Product review: Remote access receives a boost

Remote access has moved up the list of priorities for many network managers. Traditional products – including remote dial-up, VPNs and dedicated WANs – don’t cut it because of high cost and slow speeds. Turnkey solutions with low administration and maintenance costs have the highest appeal.

Netilla Networks Inc. recently debuted Netilla Virtual Office, a turnkey remote access product built around Windows 2000 Terminal Server and a Linux-based access box. Netilla lets any application that works with Terminal Server function over the Web. All network traffic uses 128-bit Secure Sockets Layer security for maximum protection. User authentication is handled on a pass-through basis to a standard Windows NT domain or a Remote Authentication Dial-In User Services server. Future releases will support Lightweight Directory Access Protocol and Kerberos authentication periods.

Once you start an application using Netilla Virtual Office, it looks as if you’re running it on a local machine. Netilla delivers one of the simplest solutions available, and it is worth a look if you need to give your teleworkers seamless, secure access to network applications from a browser.

Installation Included

To ensure Netilla Virtual Office is configured correctly, Netilla only sells it through value-added resellers and system integrators. A Netilla technician helped configure the product for our network.

Our installation was completed in less than an hour, including configuring a handful of applications. We tested the box on a small network connected to the Internet using a DSL modem and a Linksys BEFW11S4 four-port hub/router. We configured the router to treat the Netilla Service Box (NSB) as a demilitarized zone host, so all inbound Internet traffic would pass directly to the IP address of the Netilla box.

To complete the configuration, Netilla uses a site survey form to gather necessary information including IP addresses of the internal network, gateway interface, DNS servers and a dedicated IP interface for the public interface of the NSB.

Next, Netilla configures the NSB prior to shipping it to the customer. On arrival, there’s little left to do to get the box up and running. Some testing is required to make sure the DNS has been configured properly and that the box can be seen from outside the firewall. You must install Windows 2000 Terminal Server on the server that hosts the applications, and you must obtain one Microsoft Terminal Server Client Access License for each concurrent user connected to the Netilla box.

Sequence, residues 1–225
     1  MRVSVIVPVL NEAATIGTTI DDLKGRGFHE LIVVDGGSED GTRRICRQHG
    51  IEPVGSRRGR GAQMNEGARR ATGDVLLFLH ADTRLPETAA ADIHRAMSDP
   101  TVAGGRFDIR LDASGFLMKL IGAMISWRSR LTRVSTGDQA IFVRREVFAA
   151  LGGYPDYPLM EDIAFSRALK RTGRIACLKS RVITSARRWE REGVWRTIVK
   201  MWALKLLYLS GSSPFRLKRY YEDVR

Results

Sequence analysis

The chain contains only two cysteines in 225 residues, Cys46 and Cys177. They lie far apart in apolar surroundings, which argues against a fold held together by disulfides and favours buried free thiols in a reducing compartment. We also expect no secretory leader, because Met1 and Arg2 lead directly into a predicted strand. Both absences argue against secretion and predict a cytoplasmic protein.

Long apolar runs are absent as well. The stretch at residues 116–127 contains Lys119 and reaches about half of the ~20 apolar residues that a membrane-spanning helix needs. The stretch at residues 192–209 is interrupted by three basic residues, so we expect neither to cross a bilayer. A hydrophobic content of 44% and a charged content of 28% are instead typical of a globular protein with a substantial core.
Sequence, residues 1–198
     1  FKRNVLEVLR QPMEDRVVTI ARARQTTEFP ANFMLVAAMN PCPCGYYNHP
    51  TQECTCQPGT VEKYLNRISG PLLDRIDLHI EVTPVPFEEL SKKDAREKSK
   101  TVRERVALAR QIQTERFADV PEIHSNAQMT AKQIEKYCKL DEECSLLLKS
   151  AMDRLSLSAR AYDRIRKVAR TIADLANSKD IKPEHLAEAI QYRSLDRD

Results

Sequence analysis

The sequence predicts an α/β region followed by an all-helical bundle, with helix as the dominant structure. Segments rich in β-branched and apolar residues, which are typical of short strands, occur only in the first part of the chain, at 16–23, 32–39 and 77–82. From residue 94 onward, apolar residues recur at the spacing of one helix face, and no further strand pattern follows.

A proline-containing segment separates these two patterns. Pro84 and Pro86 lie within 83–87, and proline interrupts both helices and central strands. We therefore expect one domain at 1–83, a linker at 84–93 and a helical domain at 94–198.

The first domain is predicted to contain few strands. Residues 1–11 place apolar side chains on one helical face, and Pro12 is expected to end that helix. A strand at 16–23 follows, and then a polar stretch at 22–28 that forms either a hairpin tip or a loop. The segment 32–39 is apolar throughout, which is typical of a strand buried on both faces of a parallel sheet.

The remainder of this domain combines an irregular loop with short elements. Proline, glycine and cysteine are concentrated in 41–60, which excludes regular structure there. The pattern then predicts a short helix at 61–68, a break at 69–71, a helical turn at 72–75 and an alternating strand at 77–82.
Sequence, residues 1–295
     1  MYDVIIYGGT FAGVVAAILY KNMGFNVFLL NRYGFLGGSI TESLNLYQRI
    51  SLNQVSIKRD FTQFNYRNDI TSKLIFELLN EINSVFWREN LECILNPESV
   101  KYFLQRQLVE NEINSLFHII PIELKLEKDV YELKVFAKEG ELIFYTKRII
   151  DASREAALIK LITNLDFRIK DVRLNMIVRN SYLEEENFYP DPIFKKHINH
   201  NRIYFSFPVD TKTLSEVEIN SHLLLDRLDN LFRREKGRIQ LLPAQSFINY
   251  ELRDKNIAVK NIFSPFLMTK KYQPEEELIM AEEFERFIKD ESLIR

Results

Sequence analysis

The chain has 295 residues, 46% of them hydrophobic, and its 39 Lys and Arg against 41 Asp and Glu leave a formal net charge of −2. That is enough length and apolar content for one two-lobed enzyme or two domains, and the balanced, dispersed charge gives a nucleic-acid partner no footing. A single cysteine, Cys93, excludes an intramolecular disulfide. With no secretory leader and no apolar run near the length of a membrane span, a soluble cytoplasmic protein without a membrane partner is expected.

All in the Browser

Once the NSB is configured, there should not be any need to touch the box again. All administration functions use a Web browser from the internal network or remotely via the Web.

Unfortunately, the first iteration of Netilla Virtual Office doesn’t support user groups, requiring you add to each user by hand, as well as specify what service each user will start with (My Admin, My Apps, My E-Mail, My Files), whether separate windows will be used for different applications, and whether to flush the application password cache when launching applications.

Administering applications is a breeze. Information needed to configure an application is stored in the directory on the server along with the executable file. Giving users access to a particular application is a matter of selecting the user name from a list and clicking on an add button.

Netilla Virtual Office also includes a remote control feature that eases management by making all the standard Windows functions available through a Web browser.

Beyond application serving, My E-Mail provides a Web-based interface to any Internet Message Access Protocol-based “e-mail server.

User Experience

The true measure of success of any remote access product comes down to ease of use and performance. Netilla’s ease of use is top-notch. It presents applications as icons similar to a standard Windows desktop. When you launch applications or access files, the interface is identical.

Using Netilla Virtual Office makes it possible to leave large applications on the server and not on a local system, which could be most practical for serving custom or line-of-business applications. The My Files tool makes it easy to move files between your local hard drive and a remote network drive.

We tested the access from different types of Internet connections from a 56K dial-up line to a T-3 dedicated line and found the speed more than adequate. Over dial up, response times were slower but the product was still usable.

Paul Ferrill is a freelance writer in Lancaster, Calif. He’s been using and writing about networks for more than 15 years. He can be reached